NatWest board to blame for bid to ‘cancel’ Farage says ally

Nigel Farage shares his thoughts on NatWest boss resigning

NatWest’s entire board is must be held to account for the bank’s attempt to “cancel” Nigel Farage by closing his account at Coutts, an ex-MEP and close ally of the former Brexit Party boss.

Speaking after the resignation of NatWest’s CEO Dame Alison Rose, Ben Habib has also pointed the finger at the Financial Services Committee, accusing it of permitting what he called a “wholly unacceptable judgmental culture to develop”.

Dame Alison announced her decision after admitting to being the source of an inaccurate story about Mr Farage’s finances.

Mr Farage, now a presenter on GB News, last week presented evidence, in the form of a 40-page dossier, that his account at the NatWest Group-owned London-based private bank had been closed partly due to his political views conflicting with the bank’s values.

The evidence, obtained from the bank through a data request, directly contradicted a BBC News story, which initially claimed the account closure was driven by purely commercial reasons, citing Mr Farage’s failure to meet a £1million borrowing requirement.

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Mr Habib, chief executive of commercial property investment and fund management company First Property Group, told “If NatWest thinks Alison Rose’s resignation puts a line under their mistreatment of Nigel Farage, it is mistaken.

“Her resignation raises more questions than it answers.”

The bank had opted to “adversely judge Nigel’s virtue” and backed its CEO in breaching data protection laws, Mr Habib claimed.

He added: “The entire board of NatWest is culpable.”

Mr Habib continued: “The Financial Conduct Authority, the regulator for NatWest, also has questions to answer.

“It is bound to be in close contact with the bank. Yet, it allowed a wholly unacceptable judgmental culture to develop and it was apparently blind to breaches of data protection laws.

“But here is the real problem and the FCA is very likely part of it.

“As regulator, it would have required the bank to combat social injustice through the bank’s obligation to abide by Environmental Social and Governance (ESG) regulations.”

As such, NatWest would have “wrapped itself in a cloak of (false) virtue”, Mr Habib suggested, entering its efforts on diversity and inclusion.

He said: “It promoted the drive to Net Zero and people from different ethnic minorities, religious backgrounds and sexual preferences even if doing so was to the detriment of their organisations and the exclusion of the ethnic majority.

“It did not matter that this may have been economically damaging.

“Commercial interests have now apparently become secondary to self-assessed declarations of virtue.”

In such a context, NatWest’s executives had concluded they “did not like” Mr Farage’s views, Mr Habib argued.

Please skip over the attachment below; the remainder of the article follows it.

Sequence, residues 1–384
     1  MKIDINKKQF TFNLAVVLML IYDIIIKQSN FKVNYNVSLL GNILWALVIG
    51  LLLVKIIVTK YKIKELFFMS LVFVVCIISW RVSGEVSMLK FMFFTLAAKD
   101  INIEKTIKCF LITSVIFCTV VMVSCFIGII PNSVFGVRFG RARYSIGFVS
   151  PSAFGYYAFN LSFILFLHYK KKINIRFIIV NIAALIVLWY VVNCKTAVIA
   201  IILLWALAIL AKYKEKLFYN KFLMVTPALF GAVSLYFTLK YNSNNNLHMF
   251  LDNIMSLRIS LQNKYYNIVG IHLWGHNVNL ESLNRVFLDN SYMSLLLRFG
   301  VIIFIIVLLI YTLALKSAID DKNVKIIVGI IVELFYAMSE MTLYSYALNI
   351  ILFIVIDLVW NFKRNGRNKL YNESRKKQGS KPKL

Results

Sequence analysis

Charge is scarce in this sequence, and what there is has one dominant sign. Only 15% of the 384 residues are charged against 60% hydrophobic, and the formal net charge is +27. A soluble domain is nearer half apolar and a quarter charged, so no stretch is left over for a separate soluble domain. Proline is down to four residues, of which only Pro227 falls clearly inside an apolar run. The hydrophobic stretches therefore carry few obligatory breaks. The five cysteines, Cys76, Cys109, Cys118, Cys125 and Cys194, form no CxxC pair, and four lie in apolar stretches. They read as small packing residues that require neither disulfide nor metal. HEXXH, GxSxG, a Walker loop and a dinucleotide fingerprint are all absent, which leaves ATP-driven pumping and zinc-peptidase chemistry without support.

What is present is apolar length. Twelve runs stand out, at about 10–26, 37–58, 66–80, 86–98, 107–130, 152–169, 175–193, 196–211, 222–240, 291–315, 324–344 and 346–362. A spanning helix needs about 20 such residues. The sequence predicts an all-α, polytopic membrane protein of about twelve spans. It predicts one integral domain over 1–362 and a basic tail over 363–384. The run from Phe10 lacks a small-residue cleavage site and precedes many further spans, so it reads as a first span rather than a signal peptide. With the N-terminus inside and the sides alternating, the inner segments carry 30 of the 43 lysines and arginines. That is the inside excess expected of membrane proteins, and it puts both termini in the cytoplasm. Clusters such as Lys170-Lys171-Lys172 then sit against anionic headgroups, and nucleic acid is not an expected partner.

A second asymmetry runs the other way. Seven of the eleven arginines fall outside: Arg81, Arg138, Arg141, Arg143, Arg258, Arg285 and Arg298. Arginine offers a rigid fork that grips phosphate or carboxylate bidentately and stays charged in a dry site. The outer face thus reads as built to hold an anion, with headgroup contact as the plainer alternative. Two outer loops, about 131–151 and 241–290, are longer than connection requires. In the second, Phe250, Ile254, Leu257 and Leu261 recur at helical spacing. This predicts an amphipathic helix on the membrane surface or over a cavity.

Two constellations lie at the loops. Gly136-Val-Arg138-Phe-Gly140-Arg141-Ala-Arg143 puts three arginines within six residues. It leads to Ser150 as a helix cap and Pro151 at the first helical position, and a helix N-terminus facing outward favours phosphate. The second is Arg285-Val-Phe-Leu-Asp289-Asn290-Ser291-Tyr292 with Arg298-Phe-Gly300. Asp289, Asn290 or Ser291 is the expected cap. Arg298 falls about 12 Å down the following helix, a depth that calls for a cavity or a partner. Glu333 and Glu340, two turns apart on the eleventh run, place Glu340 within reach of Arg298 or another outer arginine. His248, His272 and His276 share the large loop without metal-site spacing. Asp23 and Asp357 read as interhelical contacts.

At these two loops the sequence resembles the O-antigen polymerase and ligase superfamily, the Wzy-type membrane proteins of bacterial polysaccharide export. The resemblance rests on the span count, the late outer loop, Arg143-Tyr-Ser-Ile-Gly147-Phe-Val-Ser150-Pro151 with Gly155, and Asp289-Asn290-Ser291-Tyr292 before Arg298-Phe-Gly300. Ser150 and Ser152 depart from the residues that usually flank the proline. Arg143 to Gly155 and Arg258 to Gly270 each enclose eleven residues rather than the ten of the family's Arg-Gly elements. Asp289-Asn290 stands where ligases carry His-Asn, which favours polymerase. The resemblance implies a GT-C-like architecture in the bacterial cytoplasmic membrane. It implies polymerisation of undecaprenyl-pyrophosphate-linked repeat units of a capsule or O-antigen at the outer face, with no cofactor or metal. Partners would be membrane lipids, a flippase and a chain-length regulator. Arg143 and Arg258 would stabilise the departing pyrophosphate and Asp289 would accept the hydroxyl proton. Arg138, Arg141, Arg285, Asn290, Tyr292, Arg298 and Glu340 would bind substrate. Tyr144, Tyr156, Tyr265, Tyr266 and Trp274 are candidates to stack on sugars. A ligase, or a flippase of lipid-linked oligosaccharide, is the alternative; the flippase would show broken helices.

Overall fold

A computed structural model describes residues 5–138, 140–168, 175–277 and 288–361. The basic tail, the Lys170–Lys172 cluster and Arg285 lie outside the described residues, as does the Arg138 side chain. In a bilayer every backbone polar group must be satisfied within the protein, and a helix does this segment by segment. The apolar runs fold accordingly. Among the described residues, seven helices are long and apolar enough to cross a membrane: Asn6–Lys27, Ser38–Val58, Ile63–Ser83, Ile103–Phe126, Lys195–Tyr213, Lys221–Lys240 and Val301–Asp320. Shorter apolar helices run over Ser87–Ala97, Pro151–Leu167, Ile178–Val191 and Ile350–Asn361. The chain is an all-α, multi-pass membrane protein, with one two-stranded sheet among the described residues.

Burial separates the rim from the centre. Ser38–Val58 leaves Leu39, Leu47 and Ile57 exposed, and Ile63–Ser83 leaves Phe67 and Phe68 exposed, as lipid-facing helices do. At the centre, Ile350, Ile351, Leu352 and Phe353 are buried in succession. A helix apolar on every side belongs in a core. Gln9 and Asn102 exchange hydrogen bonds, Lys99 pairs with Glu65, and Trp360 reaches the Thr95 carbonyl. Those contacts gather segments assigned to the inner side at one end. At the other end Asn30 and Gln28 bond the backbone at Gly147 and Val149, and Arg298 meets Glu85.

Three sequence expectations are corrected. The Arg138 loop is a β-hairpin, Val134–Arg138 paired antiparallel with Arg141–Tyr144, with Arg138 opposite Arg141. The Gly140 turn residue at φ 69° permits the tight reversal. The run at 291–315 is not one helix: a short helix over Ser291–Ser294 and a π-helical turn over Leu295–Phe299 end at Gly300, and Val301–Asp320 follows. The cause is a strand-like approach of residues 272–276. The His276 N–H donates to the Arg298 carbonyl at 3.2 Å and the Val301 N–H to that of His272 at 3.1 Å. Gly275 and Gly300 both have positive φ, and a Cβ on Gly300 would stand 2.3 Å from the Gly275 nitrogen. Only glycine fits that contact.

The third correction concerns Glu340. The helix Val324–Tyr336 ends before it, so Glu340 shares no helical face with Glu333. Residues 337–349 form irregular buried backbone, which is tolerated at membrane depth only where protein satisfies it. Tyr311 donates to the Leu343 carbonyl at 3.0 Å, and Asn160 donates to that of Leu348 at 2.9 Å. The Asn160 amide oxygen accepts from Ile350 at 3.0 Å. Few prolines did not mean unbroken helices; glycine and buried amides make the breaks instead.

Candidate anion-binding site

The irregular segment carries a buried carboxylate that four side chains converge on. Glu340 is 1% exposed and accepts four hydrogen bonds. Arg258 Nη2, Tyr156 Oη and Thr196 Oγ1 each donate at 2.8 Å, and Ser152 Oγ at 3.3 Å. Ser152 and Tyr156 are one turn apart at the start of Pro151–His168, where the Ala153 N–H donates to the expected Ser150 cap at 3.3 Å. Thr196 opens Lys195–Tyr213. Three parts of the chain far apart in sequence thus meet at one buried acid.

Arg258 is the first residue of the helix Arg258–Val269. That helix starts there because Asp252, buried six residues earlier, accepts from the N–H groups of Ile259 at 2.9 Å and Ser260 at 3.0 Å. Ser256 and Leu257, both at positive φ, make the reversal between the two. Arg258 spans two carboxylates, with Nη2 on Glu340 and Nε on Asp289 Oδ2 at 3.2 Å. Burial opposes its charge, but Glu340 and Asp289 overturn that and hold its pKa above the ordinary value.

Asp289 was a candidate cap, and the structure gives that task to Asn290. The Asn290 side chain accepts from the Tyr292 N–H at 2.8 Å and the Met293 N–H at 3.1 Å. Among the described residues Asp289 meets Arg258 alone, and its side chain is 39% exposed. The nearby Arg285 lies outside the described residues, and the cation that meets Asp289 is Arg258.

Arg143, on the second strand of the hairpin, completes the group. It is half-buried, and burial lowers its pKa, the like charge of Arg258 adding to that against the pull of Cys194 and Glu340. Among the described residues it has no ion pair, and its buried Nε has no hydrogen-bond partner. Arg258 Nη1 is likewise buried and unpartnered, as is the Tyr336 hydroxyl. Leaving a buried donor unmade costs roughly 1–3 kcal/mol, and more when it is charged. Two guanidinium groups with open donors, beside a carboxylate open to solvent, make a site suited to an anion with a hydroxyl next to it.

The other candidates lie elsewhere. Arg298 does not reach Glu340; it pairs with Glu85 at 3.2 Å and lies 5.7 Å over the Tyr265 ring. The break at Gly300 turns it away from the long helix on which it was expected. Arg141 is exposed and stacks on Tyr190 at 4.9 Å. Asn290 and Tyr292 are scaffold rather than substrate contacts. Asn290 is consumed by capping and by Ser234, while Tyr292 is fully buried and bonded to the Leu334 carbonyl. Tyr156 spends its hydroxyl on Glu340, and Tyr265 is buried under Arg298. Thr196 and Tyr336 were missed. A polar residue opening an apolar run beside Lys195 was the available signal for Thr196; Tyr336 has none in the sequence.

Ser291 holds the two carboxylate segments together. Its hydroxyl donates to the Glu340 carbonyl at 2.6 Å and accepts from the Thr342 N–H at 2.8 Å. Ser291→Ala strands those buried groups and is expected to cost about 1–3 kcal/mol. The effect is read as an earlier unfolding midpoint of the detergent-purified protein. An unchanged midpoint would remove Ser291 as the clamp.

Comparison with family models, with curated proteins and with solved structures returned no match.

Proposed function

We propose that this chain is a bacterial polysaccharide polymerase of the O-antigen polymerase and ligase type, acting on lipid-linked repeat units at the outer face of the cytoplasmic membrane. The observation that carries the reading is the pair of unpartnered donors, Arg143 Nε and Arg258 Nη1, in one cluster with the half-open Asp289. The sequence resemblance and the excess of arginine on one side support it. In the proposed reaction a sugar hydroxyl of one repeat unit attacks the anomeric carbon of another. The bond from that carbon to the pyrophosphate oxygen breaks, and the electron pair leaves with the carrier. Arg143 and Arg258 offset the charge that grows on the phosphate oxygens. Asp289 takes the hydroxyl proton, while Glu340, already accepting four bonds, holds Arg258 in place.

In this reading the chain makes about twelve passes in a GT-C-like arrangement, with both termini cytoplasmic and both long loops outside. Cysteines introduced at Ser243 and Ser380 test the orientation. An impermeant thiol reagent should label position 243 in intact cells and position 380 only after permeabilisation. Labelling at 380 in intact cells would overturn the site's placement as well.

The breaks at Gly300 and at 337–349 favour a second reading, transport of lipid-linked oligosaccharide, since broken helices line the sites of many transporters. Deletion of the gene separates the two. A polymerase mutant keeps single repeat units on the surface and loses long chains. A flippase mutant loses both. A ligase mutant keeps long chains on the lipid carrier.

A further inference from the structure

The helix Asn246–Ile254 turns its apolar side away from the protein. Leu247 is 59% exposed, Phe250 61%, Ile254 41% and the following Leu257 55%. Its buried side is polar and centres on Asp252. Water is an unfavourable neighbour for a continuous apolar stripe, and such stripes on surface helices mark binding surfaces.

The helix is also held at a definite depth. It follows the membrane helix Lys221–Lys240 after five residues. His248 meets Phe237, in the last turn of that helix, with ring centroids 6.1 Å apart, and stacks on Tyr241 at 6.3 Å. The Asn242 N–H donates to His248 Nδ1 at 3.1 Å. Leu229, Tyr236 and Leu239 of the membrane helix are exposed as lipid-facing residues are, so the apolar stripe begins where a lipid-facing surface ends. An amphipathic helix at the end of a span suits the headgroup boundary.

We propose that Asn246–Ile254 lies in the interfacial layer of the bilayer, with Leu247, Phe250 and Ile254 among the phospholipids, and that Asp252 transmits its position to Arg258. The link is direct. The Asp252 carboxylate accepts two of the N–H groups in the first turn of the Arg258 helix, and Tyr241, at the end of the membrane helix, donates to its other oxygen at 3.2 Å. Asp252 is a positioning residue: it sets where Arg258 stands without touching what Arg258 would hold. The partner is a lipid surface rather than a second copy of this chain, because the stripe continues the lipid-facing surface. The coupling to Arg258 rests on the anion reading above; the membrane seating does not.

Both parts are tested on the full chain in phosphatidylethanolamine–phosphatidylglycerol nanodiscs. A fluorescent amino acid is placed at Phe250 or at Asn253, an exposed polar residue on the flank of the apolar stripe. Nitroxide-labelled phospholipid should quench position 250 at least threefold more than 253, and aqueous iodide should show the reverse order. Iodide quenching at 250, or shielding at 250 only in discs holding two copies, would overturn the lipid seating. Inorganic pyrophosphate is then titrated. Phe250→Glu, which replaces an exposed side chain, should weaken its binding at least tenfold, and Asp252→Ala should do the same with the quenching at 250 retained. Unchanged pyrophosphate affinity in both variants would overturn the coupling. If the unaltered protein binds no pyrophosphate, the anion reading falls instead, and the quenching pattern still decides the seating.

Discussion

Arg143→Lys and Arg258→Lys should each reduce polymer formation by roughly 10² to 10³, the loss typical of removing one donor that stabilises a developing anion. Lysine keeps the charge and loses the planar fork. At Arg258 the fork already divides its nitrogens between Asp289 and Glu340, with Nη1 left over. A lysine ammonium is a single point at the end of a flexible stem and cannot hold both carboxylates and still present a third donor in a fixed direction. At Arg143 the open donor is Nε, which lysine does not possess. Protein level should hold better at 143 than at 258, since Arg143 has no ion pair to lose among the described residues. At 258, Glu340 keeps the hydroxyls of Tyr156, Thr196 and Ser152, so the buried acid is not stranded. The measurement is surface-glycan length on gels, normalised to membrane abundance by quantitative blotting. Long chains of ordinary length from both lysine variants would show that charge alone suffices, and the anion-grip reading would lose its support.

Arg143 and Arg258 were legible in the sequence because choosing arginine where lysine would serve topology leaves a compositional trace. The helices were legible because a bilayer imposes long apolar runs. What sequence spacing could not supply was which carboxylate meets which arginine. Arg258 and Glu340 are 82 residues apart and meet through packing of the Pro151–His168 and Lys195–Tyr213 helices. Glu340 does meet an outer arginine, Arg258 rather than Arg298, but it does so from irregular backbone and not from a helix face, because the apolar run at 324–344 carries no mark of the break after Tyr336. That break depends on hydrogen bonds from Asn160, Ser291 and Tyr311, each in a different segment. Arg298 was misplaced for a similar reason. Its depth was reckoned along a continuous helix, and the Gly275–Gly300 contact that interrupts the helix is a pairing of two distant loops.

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He added: “That is all it took for a law abiding and profitable customer of the bank to be cancelled. ESG has institutionalised woke at the cost of commercial and professional behaviour.

“As important as it is to hold NatWest to account, that would be far from sufficient. The entire regulatory framework for ESG and those that enforce it must be held to account.”

In a statement issued this morning, Dame Alison said: “I recognise that in my conversations with Simon Jack of the BBC, I made a serious error of judgment in discussing Mr Farage’s relationship with the bank.

“Believing it was public knowledge, I confirmed that Mr Farage was a Coutts customer and that he had been offered a NatWest bank account.”

She added: “Alongside this, I repeated what Mr Farage had already stated, that the bank saw this as a commercial decision. I would like to emphasise that in responding to Mr Jack’s questions I did not reveal any personal financial information about Mr Farage.

“In response to a general question about eligibility criteria required to bank with Coutts and NatWest I said that guidance on both was publicly available on their websites. In doing so, I recognise that I left Mr Jack with the impression that the decision to close Mr Farage’s accounts was solely a commercial one.”

NatWest’s board of directors announced that Paul Thwaite, the current chief executive of the company’s Commercial and Institutional business, will take over Dame Alison’s responsibilities for an initial period of 12 months, pending regulatory approval.

The board said in a statement that a further process to appoint a permanent successor will take place “in due course”.

City minister Andrew Griffith will meet Britain’s largest banks on Wednesday morning to address concerns related to customers’ “lawful freedom of expression”.

NatWest shares fell by three percent after her announcement, while other banks also saw their shares hit amid calls from Mr Farage for wider “cultural change” across the entire sector, with Lloyds Banking Group down 3 percent despite a surge in half-year profits and Barclays dropping by more than one percent.

Speaking to BBC Radio 4’s Today programme, Nigel Farage said: “It took a long time for her to apologise and let’s get to the fundamentals of this.

“The first rule of banking is client confidentiality. She clearly broke that. She was the source of the leak and if anybody in a more junior position working at the NatWest Bank had done that, they would have been out the door.

“Yet we got this extraordinary statement that came at quarter to six last night that said ‘yes, she breached client confidentiality but we, the board, still have confidence in her’.”

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